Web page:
There wern’t any ejector seats in Meteors, he was thrown on impact and found quite a way from the plane impaled in the field like a scarecrow. The co pilot died on impact so he felt he had to make the most of his life despite his injury because he was spared. X

        Liked by 3 people

      • SueSpitulnik says:

        Ellen,
        I have to admit my ignorance, I didn’t know a Meteor was an airplane. My pilot froend had a good laugh with me as he explained.
        I understand your father-in-law feeling he had to go on and be productive. That’s a good reaction to being spared. Thanks again to him and your family.

        Liked by 1 person

  4. rugby843 says:

    What an interesting post and Congrats for your work! Research has always been fun to me but this one came with a great reward and a new friend.

    Sent from my iPhone

    >

    Liked by 3 people

  5. rugby843 says:

    When you need something different to read this is interesting,

    Sent from my iPhone

    >

    Liked by 1 person

  6. What a cool post! One of the things that resonated was the idea of dignity. I thought of a principal I worked with who had a phrase something like, preserve their dignity, for those times when a student might be out of control but the main idea was safety and helping them gain control and not have a scene played out in front of their peers- preserve their dignity so they have something to come back to and build on. Anyway, isn’t that what so many veteran spouses do, helping their vets navigate, negotiate and maintain a sense of dignity in confused circumstances.

    Liked by 3 people

    • SueSpitulnik says:

      Dede,
      Thank you for sharing such a good comparison. The principal you mention was on to a good thing.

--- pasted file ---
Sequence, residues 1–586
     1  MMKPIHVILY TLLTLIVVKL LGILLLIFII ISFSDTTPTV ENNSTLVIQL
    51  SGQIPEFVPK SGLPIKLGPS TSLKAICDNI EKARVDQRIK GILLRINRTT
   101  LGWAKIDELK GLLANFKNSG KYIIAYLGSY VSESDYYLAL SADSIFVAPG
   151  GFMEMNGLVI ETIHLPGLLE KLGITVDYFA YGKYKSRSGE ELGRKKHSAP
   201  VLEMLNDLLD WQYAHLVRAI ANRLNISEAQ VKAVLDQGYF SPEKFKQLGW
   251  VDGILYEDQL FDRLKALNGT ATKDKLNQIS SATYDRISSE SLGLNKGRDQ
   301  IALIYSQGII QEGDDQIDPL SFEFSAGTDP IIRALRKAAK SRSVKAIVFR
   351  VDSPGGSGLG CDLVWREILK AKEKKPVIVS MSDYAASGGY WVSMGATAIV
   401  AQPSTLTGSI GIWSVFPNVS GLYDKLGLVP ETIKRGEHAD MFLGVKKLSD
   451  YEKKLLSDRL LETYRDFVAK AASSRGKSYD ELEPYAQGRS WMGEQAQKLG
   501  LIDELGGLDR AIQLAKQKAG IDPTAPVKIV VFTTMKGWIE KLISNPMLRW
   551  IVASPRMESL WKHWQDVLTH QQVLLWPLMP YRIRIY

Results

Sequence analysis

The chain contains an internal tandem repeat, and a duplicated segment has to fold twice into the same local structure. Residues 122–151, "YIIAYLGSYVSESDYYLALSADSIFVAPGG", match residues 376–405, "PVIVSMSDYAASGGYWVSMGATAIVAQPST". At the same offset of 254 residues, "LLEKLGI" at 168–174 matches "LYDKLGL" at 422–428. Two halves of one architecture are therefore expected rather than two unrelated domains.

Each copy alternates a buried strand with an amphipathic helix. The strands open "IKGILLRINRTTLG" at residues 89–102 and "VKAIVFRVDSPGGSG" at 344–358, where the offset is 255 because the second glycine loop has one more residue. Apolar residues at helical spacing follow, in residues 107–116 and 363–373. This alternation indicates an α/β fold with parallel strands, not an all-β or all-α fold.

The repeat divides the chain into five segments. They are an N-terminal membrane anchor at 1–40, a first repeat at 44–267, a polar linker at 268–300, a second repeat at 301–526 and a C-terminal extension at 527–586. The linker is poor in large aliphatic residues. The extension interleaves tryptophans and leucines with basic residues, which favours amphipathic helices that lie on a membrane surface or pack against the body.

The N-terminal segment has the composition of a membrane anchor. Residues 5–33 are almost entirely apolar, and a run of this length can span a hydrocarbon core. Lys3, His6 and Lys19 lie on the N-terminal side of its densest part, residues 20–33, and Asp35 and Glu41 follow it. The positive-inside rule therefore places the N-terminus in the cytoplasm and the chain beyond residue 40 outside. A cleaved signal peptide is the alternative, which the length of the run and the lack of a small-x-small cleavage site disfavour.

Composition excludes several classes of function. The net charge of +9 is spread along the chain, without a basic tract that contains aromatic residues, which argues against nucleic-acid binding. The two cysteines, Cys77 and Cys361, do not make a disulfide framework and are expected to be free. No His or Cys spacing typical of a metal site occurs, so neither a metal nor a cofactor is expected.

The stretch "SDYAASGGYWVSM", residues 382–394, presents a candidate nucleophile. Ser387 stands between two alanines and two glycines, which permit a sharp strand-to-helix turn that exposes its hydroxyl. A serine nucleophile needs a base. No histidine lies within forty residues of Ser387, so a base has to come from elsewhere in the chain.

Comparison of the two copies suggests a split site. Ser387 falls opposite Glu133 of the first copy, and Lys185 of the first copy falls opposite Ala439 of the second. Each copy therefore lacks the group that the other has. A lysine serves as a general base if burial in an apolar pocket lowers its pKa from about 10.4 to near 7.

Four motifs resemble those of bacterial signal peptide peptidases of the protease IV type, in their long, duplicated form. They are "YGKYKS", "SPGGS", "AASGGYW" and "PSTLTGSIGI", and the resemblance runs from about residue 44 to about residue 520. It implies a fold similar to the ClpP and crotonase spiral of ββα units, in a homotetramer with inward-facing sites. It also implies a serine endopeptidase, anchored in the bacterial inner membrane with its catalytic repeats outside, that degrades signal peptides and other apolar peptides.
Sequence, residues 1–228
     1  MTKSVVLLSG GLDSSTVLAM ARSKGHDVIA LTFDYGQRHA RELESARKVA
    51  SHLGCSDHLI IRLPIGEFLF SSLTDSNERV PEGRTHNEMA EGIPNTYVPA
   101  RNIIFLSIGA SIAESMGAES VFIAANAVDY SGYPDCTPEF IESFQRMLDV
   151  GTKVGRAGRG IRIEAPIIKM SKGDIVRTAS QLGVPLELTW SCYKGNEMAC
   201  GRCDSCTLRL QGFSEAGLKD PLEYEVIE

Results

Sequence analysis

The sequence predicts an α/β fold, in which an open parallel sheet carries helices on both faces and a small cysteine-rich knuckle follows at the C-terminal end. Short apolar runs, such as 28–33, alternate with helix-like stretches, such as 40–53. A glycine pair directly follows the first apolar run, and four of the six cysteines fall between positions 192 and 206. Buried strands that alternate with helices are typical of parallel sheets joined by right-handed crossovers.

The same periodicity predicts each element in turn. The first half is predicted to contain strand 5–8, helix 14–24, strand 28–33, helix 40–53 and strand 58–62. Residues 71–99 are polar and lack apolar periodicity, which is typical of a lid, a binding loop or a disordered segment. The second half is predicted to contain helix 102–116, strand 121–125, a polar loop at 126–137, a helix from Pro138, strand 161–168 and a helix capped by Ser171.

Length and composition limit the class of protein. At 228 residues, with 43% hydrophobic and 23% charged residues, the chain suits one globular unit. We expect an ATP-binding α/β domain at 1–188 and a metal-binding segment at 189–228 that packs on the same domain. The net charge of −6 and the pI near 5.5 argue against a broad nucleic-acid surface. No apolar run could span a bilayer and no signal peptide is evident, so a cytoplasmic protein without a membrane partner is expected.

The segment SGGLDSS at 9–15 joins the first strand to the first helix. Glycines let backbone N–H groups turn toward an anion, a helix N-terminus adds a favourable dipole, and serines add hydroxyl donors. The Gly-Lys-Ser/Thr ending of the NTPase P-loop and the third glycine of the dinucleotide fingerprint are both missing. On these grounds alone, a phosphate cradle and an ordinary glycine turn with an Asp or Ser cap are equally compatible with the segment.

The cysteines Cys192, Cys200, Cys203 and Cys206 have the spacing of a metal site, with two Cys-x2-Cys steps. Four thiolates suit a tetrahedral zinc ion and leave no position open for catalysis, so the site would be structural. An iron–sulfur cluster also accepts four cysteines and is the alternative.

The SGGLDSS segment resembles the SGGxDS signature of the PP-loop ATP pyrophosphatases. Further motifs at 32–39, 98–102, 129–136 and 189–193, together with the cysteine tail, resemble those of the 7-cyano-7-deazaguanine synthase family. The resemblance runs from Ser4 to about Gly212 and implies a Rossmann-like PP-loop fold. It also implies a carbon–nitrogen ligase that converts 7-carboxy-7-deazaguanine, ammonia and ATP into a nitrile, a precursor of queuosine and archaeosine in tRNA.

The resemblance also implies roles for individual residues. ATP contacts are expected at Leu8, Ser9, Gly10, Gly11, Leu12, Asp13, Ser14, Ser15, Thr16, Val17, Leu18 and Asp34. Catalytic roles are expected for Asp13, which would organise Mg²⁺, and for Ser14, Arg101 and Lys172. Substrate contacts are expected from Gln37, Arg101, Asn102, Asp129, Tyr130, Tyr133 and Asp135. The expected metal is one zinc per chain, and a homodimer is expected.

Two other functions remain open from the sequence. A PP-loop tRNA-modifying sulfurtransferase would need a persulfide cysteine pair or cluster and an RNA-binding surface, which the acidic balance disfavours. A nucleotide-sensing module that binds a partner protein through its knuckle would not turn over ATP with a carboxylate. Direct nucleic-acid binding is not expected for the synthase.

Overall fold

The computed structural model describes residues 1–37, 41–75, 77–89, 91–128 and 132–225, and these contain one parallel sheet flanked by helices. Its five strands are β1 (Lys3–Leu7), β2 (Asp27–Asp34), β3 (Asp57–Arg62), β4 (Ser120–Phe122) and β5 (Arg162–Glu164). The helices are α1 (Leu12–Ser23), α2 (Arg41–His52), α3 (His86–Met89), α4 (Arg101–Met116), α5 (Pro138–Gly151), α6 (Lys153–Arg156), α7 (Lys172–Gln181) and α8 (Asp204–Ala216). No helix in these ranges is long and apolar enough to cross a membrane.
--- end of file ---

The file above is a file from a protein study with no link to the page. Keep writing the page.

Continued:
And yes, the vets spouse is often called upon to help maintain dignity for the military membe and the family.

      Liked by 2 people

  7. What an informative and interesting post, Sue. You (and Larry) have opened my eyes. Thank you.

    Liked by 2 people

  8. Charli Mills says:

    Sue, your column made me weep happy tears for the gifts you and Larry exchanged. You dignified his story in the telling of his Air Force career. I can imagine the genuine joy of helping this veteran reconnect. I knew about NORAD (because of Todd’s interest in all military branches) but not about the NORAD Santa Tracker. I feel like I have my priorities straight, ha! Isn’t research a blast? Especially when you get to talk to people like Larry.

    Liked by 1 person

    • SueSpitulnik says:

      The great news is Larry and I aren’t done exchanging gifts. His cousin has been in touch with us and we are planning a gathering in December. As Larry no longer drives, we will happily be his chauffeurs.
      And, my Veterans Writing Group, who has been homeless of late because of building closings, will now be meeting in the huge community room of his apartment building.
      In this case, research topped all expectations.

      Liked by 1 person

  9. Ann Edall-Robson says:

    Research opens many doors to people we might not otherwise get to know. These moments are memories to cherrish, and it becomes a smaller world as we embrace our new found friends and their words they impart on us.
    Your writing is a dignified sharing of the voices of many, and is a gift in itself. Thank you for all you share with us.

    Liked by 1 person

    • SueSpitulnik says:

      Thank you, Ann. Sharing my experiences and other people’s stories is a priviledge for me. Also one I enjoy doing. It certainly does open new doors and special moments.

      Like

  10. I can imagine the goosebumps you must have got while chatting with Larry. Comrades like him kick fear out of their lives before signing up to protect their country.

    Thank you Sue for sharing your talk with him. I’ve had relatives serving in the Indian Army, and emotions ran high!!

    Liked by 2 people

    • SueSpitulnik says:

      Ruchira, Indeed we did get goosebumps and shared a couple of happy tears.
      Patriotism runs high in any country when you meet one of their protectors. It’s a shared understanding.

      Like

  11. Jennie says:

    Thank you, Sue! Every word in your post makes me nod in agreement and understanding. That’s what military wives and mothers do. The story of how Santa became a part of NORAD is a classic. Every time we drive past Dover AFB we say a prayer and think of all they do for the fallen soldiers who return home. Thank you for writing Michael’s story. The first word you used was dignity. That says it all.

    Like